The four major parties in this year's provincial election are staking out their positions in northern Ontario as their leaders prepare to spar over regional issues in this afternoon's leaders' debate in North Bay.
- You can catch CBC's livestream of the debate beginning at 1 p.m. ET Tuesday
The debate is the first for the June 2 vote, featuring leaders of the Progressive Conservative, New Democrat, Liberal and Green parties.
In the days leading up to the debate, the parties began making their case to northern voters.
Data from CBC's poll tracker suggests the PCs have a slight advantage in northern Ontario, followed by the New Democrats and the Liberals. The Green Party and the New Blue Party also have candidates in the region.
Ford shows up in Thunder Bay
Progressive Conservative Leader Doug Ford became the first premier-hopeful to make an appearance in the northwest, on Saturday in Thunder Bay during a whirlwind weekend across northern Ontario.
He visited the Heddle Marine shipyard, joined by the party's local candidates in the two Thunder Bay area ridings, to greet workers while climbing aboard the Tim S. Dool freighter that was moored at the facility.
Ford met with workers at the Heddle Shipyard in Thunder Bay during a visit to the northwestern Ontario city on Saturday. (Matt Vis/CBC)
Ford touted the party's efforts to encourage economic growth in the north, specifically mentioning the critical minerals strategy that the government released earlier this year, and said a strong mining sector will benefit industry across the province.
Ford recommits to $1-billion road to the Ring of Fire on campaign trail
"We're strong believers in, first of all, working with our Indigenous communities. We have a great partnership with them," Ford said.
"That's going to create thousands of jobs from the critical minerals. That flows all the way down to southwestern Ontario. We're going to be the No. 1 leader in North America on electric vehicles, and battery manufacturing, and automotive."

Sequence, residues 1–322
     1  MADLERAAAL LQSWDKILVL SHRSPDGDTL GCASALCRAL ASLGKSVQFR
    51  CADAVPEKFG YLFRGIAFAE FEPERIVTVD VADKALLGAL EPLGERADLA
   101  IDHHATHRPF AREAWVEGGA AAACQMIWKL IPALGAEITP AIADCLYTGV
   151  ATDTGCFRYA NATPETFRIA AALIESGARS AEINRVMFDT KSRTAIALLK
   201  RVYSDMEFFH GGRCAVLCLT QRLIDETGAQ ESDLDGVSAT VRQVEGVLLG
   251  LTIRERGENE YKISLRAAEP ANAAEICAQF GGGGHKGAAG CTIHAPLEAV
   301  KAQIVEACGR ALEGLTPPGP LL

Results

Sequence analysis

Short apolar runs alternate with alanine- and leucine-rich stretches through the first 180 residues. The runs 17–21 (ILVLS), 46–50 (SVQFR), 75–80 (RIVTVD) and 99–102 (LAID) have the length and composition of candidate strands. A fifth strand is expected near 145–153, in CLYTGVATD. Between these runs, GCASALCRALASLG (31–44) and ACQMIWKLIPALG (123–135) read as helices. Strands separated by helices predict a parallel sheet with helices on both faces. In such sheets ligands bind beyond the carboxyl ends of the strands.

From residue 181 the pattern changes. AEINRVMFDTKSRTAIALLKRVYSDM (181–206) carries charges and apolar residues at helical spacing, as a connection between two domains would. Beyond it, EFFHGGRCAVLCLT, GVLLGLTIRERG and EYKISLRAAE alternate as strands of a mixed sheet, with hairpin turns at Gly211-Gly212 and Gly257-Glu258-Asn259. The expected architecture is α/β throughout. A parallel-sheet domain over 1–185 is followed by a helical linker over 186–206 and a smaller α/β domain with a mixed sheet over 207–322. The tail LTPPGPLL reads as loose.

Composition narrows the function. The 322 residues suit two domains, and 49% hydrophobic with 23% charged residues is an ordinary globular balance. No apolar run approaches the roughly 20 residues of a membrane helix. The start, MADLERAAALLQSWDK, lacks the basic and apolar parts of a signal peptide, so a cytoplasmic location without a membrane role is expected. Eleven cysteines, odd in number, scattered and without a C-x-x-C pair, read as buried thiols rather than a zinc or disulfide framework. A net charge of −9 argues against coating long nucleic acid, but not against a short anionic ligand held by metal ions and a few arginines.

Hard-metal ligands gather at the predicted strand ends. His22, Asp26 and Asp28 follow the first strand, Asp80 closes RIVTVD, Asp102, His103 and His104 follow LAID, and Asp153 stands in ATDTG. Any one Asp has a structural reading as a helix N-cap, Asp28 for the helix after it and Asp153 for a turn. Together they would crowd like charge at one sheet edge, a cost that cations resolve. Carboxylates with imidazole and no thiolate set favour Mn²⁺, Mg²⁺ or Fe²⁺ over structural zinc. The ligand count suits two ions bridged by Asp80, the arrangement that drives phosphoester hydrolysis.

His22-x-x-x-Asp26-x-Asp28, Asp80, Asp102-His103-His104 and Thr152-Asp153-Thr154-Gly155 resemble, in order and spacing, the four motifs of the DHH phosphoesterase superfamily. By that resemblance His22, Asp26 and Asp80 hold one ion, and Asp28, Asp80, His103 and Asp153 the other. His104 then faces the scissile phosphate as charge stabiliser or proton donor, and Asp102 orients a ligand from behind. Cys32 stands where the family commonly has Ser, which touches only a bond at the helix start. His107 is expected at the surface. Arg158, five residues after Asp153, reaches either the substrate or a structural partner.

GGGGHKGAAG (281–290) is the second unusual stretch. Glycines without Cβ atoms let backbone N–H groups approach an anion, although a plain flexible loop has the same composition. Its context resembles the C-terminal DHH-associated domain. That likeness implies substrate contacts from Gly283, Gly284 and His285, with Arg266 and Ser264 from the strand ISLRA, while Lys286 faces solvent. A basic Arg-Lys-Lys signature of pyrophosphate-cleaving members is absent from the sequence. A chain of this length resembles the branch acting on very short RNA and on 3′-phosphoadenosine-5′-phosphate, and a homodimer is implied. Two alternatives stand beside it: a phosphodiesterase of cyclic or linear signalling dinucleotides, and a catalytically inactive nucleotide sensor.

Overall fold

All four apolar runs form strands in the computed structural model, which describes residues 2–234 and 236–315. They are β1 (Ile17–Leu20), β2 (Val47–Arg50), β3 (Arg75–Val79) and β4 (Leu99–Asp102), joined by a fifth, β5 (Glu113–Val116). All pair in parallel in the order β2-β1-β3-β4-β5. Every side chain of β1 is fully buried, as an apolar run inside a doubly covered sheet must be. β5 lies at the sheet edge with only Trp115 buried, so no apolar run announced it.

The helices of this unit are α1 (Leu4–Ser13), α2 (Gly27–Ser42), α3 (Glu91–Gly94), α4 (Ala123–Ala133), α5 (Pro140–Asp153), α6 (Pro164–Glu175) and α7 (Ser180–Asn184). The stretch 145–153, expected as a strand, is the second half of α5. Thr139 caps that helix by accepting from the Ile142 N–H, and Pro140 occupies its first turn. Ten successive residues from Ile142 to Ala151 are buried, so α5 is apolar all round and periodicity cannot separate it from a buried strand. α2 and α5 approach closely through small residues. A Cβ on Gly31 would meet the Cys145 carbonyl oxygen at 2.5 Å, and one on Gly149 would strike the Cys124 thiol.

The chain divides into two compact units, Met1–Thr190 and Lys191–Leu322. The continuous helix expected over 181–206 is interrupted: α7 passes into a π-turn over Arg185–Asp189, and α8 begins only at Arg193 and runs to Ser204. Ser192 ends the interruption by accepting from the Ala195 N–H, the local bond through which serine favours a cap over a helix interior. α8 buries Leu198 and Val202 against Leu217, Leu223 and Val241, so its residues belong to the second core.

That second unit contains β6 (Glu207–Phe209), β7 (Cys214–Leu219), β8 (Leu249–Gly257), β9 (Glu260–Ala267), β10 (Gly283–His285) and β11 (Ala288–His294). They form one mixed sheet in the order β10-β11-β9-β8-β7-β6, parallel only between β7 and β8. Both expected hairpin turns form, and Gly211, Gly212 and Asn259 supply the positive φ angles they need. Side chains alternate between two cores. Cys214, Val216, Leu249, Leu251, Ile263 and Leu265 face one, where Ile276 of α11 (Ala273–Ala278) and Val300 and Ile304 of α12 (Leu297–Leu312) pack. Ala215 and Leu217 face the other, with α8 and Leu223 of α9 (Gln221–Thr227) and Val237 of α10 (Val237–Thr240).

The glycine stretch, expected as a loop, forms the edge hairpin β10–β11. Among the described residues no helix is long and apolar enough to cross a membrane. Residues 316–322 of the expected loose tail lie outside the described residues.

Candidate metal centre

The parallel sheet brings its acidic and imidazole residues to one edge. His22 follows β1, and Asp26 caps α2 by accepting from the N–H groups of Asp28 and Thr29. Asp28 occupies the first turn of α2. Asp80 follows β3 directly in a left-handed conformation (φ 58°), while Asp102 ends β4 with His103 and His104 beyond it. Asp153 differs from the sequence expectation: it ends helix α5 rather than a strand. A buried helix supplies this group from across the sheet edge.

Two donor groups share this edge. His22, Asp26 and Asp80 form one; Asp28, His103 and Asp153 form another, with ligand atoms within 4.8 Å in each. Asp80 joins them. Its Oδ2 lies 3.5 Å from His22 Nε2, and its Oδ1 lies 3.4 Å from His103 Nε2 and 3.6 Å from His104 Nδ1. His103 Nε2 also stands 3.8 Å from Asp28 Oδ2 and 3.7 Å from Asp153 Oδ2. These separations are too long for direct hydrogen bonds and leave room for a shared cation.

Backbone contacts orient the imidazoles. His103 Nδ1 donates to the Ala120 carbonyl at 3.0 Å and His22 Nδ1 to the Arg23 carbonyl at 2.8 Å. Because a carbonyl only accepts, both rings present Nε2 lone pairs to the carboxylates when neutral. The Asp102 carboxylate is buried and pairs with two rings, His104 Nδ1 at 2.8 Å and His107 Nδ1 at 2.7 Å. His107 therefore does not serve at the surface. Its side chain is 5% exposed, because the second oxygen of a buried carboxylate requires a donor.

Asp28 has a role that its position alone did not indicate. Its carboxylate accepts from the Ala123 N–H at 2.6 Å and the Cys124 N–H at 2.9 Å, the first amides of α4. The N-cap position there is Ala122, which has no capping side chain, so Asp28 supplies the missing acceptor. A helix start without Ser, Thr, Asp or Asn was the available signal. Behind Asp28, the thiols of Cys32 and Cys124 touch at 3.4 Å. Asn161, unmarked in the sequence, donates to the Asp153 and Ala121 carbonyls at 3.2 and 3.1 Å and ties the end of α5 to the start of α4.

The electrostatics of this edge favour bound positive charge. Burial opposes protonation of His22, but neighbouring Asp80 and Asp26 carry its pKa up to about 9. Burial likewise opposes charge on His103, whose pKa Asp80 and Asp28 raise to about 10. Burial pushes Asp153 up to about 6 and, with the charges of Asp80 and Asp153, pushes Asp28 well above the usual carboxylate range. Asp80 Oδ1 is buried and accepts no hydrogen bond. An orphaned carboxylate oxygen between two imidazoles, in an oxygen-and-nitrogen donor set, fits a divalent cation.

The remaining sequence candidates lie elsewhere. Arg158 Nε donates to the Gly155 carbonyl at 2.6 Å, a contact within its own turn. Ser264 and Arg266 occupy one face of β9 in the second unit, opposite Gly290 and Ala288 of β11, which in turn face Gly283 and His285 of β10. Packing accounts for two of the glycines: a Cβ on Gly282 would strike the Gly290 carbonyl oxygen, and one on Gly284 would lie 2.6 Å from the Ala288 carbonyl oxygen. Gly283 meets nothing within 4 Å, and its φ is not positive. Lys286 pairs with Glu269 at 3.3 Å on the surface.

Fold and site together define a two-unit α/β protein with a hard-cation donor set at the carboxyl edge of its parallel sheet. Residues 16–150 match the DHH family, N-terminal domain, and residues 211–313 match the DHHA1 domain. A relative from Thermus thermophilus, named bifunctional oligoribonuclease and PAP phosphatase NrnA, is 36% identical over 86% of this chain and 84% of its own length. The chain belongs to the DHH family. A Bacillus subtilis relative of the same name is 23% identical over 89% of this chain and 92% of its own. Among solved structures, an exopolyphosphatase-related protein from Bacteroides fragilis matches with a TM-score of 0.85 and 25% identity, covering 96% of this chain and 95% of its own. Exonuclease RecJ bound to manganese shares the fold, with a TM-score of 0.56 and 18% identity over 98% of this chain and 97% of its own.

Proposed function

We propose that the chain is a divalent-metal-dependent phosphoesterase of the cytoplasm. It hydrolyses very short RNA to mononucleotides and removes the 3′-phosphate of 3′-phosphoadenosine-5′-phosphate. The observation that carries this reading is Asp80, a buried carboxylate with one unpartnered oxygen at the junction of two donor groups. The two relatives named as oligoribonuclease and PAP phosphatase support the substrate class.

During a visit to Sault Ste. Marie earlier that day, Ford also reaffirmed a $1-billion commitment to build the road to the Ring of Fire. That pledge had first been made by the former Liberal government in 2017.
While in Thunder Bay, Ford mentioned the advancement of construction of a new correctional complex, as well as funding provided to transit agencies to have vehicles built at the Alstom plant in the city.
NDP set out northern vision
The New Democrats rolled out their northern-specific platform on Monday, with Leader Andrea Horwath making a morning announcement in Sudbury. The party held an afternoon virtual news conference with their candidates in the four northwestern Ontario ridings.
Judith Monteith-Farrell, the NDP candidate in the Thunder Bay-Atikokan riding, emphasized that social infrastructure is a requirement to bring private-sector development to the region.
Judith Monteith-Farrell is the NDP candidate in the Thunder Bay-Atikokan riding. (Submitted by the Ontario NDP)
"We need to be able to attract employees, and in order to do that, we need health care," she said. "People don't want to move here if they can't have health care, if their schools are not sufficient or if their children can't get autism services.
"It's not about just providing incentives to business to set up shop here — with things like tax breaks or rezoning — the kinds of things that are normally talked about in development. What we need is to ensure we have the workforce, and the trained workforce, and the family resources to support growing Thunder Bay."
NDP sets sights on health care, education with Northern platform
The NDP also promised funding for a 24/7 mental health crisis centre in Thunder Bay, "like the community has asked for," acknowledging the many calls from city leaders, local service providers and advocates. The party also said it would ensure similar sites are built in Sudbury and Sioux Lookout.
Liberals release campaign platform
Also on Monday, Liberal Leader Steven Del Duca unveiled his party's full campaign platform. Among the planks are commitments to several northern highway projects, increasing Northern Ontario Heritage Fund Corporation spending, developing resource revenue sharing agreements with Indigenous communities, and rebating a portion of the provincial mining tax to northern municipalities.
The Liberal platform also mentions bringing cardiovascular surgical services to Thunder Bay, a project that dates back to 2015. Also included is a mention of redeveloping the hospital in Kenora.
With the campaign underway for a week now, the Liberal website does not show officially nominated candidates in the Kenora-Rainy River, Kiiwetinoong, Sault Ste. Marie or Timmins ridings.
There are some areas of overlap between the platforms, with both the Liberals and NDP pledging to have provincewide high-speed internet access by 2025, and enhancing winter maintenance standards for Highways 11 and 17.
All three parties have also committed to hiring more doctors and health-care workers, with specific financial incentives for those committing to working in northern, rural or remote settings, and increasing admissions at the Northern Ontario School of Medicine.
Green Party Leader Mike Schreiner is scheduled to release details of his party's northern Ontario platform Tuesday morning at an event in Bracebridge.